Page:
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March 2, 1963

LETTSOM AND THE REVIVAL OF OUTPATIENT MEDICINE

JAMA. 1963;183(9):786-787. doi:10.1001/jama.1963.03700090106019
Abstract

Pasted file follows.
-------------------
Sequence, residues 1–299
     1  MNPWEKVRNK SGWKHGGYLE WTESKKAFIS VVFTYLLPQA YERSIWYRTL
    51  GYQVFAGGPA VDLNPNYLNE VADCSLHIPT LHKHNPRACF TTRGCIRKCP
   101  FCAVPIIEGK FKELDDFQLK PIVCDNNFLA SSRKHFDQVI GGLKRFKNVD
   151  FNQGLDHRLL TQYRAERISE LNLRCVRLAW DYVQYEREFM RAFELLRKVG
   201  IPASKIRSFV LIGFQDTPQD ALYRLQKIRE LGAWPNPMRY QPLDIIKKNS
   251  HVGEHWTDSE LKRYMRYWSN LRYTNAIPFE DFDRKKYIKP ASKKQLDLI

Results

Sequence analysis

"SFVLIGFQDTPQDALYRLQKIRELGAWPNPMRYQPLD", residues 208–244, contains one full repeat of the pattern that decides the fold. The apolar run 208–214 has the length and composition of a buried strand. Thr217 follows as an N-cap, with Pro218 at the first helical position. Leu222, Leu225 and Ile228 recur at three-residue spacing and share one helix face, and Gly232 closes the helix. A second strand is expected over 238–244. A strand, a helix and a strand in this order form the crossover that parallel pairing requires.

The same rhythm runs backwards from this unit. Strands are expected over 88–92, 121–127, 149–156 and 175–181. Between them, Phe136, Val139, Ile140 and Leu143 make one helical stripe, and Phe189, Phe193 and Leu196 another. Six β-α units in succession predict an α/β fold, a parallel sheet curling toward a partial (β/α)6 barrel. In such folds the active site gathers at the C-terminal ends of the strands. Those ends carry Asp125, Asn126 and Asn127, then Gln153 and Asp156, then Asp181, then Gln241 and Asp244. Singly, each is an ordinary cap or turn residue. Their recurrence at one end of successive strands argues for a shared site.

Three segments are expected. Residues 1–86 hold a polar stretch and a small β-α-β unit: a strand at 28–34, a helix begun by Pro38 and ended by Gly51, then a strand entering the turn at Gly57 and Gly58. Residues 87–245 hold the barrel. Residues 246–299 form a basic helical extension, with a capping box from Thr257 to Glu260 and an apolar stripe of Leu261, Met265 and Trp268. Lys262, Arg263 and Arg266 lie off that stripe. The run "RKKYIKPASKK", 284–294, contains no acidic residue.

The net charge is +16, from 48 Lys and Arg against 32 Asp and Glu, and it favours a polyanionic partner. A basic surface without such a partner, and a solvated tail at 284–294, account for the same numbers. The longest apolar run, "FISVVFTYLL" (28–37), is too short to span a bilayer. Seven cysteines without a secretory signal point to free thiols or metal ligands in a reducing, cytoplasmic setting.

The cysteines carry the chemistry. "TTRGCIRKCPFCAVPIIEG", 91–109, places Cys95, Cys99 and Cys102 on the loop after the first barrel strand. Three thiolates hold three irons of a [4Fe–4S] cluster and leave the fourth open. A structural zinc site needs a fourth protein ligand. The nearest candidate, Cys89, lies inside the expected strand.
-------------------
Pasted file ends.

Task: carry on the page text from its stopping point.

Little Jost Van Dyke, a tiny island near Tortola in the British Virgin Islands, was the birthsite (1744) of John Coakley Lettsom, who prepared an original account of alcoholism, one of the first manuscripts on addiction. John's father, Quaker and planter, sent his son, at the age of 7, to London for his education and medical career. As a member of the Society of Friends, John enrolled in the Quaker School at Penketh but was not eligible to attend Oxford or Cambridge; at 16, he was apprenticed to Sutcliff, a Quaker surgeon-apothecary and classical scholar at Settle, Yorkshire. In accepting the apprenticeship it was agreed that1 "he his master well and faithfully shall serve; his secrets shall keep; taverns he shall not haunt; at dice, card tables, bowls, or any other unlawful game he shall not play." The apprentice, in turn, shall be taught "the art, trade, mystery and

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